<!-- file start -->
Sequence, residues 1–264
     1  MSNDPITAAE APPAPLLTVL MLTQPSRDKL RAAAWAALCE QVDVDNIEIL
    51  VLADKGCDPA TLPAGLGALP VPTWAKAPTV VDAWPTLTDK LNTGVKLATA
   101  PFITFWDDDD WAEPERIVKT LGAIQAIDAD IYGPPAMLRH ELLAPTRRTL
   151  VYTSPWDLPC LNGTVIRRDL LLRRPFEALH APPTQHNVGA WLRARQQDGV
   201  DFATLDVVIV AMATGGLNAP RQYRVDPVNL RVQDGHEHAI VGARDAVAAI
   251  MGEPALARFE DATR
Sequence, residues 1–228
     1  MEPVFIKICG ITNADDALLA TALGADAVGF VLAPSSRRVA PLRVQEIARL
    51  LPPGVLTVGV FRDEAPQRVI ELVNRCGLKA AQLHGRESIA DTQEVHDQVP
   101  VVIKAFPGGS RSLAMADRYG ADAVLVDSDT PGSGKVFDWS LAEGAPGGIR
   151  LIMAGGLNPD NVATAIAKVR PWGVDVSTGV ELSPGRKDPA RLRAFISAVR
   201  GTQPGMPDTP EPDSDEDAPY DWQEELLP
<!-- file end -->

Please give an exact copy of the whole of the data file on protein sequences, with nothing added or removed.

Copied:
Sequence, residues 1–264
     1  MSNDPITAAE APPAPLLTVL MLTQPSRDKL RAAAWAALCE QVDVDNIEIL
    51  VLADKGCDPA TLPAGLGALP VPTWAKAPTV VDAWPTLTDK LNTGVKLATA
   101  PFITFWDDDD WAEPERIVKT LGAIQAIDAD IYGPPAMLRH ELLAPTRRTL
   151  VYTSPWDLPC LNGTVIRRDL LLRRPFEALH APPTQHNVGA WLRARQQDGV
   201  DFATLDVVIV AMATGGLNAP RQYRVDPVNL RVQDGHEHAI VGARDAVAAI
   251  MGEPALARFE DATR
Sequence, residues 1–228
     1  MEPVFIKICG ITNADDALLA TALGADAVGF VLAPSSRRVA PLRVQEIARL
    51  LPPGVLTVGV FRDEAPQRVI ELVNRCGLKA AQLHGRESIA DTQEVHDQVP
   101  VVIKAFPGGS RSLAMADRYG ADAVLVDSDT PGSGKVFDWS LAEGAPGGIR
   151  LIMAGGLNPD NVATAIAKVR PWGVDVSTGV ELSPGRKDPA RLRAFISAVR
   201  GTQPGMPDTP EPDSDEDAPY DWQEELLP